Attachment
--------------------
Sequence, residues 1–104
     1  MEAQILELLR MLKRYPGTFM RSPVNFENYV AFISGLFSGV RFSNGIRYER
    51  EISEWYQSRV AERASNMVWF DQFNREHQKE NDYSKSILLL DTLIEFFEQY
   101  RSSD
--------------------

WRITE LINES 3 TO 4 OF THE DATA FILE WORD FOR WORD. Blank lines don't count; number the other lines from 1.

    51  EISEWYQSRV AERASNMVWF DQFNREHQKE NDYSKSILLL DTLIEFFEQY
   101  RSSD